Introduction to Unit Testing in Python with unittest module


Reading time: 30 minutes | Coding time: 10 minutes

In this article we will understand how to use unit testing in Python and implement a demo using unittest module and master its use.

Let's start with the basic questions.

What is Software Testing?

Software Testing is the process of evaluating the functionality of software applications with an intent to find whether the application is meeting the specific requirements or not.
It's done to ensure that the application is defect free.

Software Testing involves following levels of testing: (lower to higher precedence)

  1. Unit Testing (done by developers)
  2. Integration Testing (done by testers)
  3. System Testing (done by testers)
  4. Application Testing (done by end user)

What is Unit Testing?

Unit Testing is the beginner level in Software Testing where individual units or components of the applications are tested. In Object Oriented Programming, the smallest unit is method. It is used to validate individual units of the software performs as designed.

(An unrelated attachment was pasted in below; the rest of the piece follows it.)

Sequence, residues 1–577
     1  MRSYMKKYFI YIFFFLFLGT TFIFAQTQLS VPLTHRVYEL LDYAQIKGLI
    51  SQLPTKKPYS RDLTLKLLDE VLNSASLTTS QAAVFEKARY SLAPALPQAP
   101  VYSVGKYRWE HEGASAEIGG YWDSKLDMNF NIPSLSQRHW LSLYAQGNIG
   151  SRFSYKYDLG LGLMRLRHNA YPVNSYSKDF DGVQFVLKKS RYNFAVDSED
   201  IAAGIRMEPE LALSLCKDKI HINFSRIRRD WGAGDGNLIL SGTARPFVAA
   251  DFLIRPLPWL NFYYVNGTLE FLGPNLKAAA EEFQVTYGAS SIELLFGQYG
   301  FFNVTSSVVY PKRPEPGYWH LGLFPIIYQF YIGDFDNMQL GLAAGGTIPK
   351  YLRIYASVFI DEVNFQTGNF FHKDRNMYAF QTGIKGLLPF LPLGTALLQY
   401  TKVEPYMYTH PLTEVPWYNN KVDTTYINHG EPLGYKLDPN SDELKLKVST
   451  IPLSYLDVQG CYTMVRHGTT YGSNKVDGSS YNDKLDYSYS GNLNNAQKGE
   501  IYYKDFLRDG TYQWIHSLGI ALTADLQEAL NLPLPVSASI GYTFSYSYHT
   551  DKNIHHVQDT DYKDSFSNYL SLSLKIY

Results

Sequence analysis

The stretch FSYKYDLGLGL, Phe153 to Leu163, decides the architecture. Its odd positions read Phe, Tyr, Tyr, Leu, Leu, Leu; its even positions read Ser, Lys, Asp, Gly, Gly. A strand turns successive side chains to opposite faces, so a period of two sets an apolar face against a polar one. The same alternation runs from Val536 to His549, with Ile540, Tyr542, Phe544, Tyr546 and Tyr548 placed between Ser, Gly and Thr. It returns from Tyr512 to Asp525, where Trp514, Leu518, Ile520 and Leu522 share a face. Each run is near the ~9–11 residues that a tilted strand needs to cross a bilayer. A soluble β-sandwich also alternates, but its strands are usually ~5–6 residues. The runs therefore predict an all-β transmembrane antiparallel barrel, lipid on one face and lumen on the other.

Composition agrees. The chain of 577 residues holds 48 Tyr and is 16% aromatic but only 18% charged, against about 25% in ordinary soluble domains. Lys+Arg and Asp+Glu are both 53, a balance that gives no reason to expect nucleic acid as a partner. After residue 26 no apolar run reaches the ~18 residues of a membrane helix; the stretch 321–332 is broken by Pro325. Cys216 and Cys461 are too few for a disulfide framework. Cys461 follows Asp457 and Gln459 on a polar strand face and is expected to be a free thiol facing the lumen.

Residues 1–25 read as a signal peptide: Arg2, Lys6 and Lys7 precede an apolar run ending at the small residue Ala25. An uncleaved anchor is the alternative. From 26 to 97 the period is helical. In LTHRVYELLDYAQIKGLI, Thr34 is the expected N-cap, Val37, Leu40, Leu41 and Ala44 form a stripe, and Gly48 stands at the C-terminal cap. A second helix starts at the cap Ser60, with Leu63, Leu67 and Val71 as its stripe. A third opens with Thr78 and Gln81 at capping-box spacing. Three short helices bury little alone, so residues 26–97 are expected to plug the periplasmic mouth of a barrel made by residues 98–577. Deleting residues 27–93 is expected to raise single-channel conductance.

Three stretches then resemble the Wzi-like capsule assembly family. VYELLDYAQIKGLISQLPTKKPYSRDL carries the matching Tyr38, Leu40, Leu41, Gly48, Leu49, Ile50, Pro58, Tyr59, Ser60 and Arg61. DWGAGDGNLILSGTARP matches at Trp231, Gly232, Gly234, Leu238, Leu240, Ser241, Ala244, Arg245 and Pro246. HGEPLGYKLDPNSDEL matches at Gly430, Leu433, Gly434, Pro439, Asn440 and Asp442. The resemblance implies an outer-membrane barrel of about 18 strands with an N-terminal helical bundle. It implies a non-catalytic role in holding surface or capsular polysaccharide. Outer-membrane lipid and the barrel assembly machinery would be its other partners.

What is unittest module in Python?
Just like any other unit testing framework like NUnit framework (for C#), JUNit (for Java), unittest is the testing framework for Python language.

Following are the unittest components to support OOPs concept:

  • test fixture - is used as a baseline needed to perform tests. This involves creating proxy databases, starting a server.
  • test case - set of conditions and checks specific response for it.
  • test suite - collection of testcases used to test and show specific behaviours by executing aggregated tests together.
  • test runner - used to setup the tests and provides the outcome to the user.

Finding it difficult to understand the above words? Let's understand them with the help of examples.

  • Test Fixture - In easy words, Test fixtures are the resources i.e. methods and functions that run before and after a test. Basically, those methods are used to setup the appropriate resources and testing environment.

Common fixture methods are setUp() and tearDown()

  • setUp() - runs prior the testing process ensuring proper setup of the environment.
  • tearDown() - runs after the completion of testing process.

The above methods can be omitted if there's no need for specific initializations (setUp()) or cleaups (tearDown()).

import unittest
import inspect

def fibonacci(n):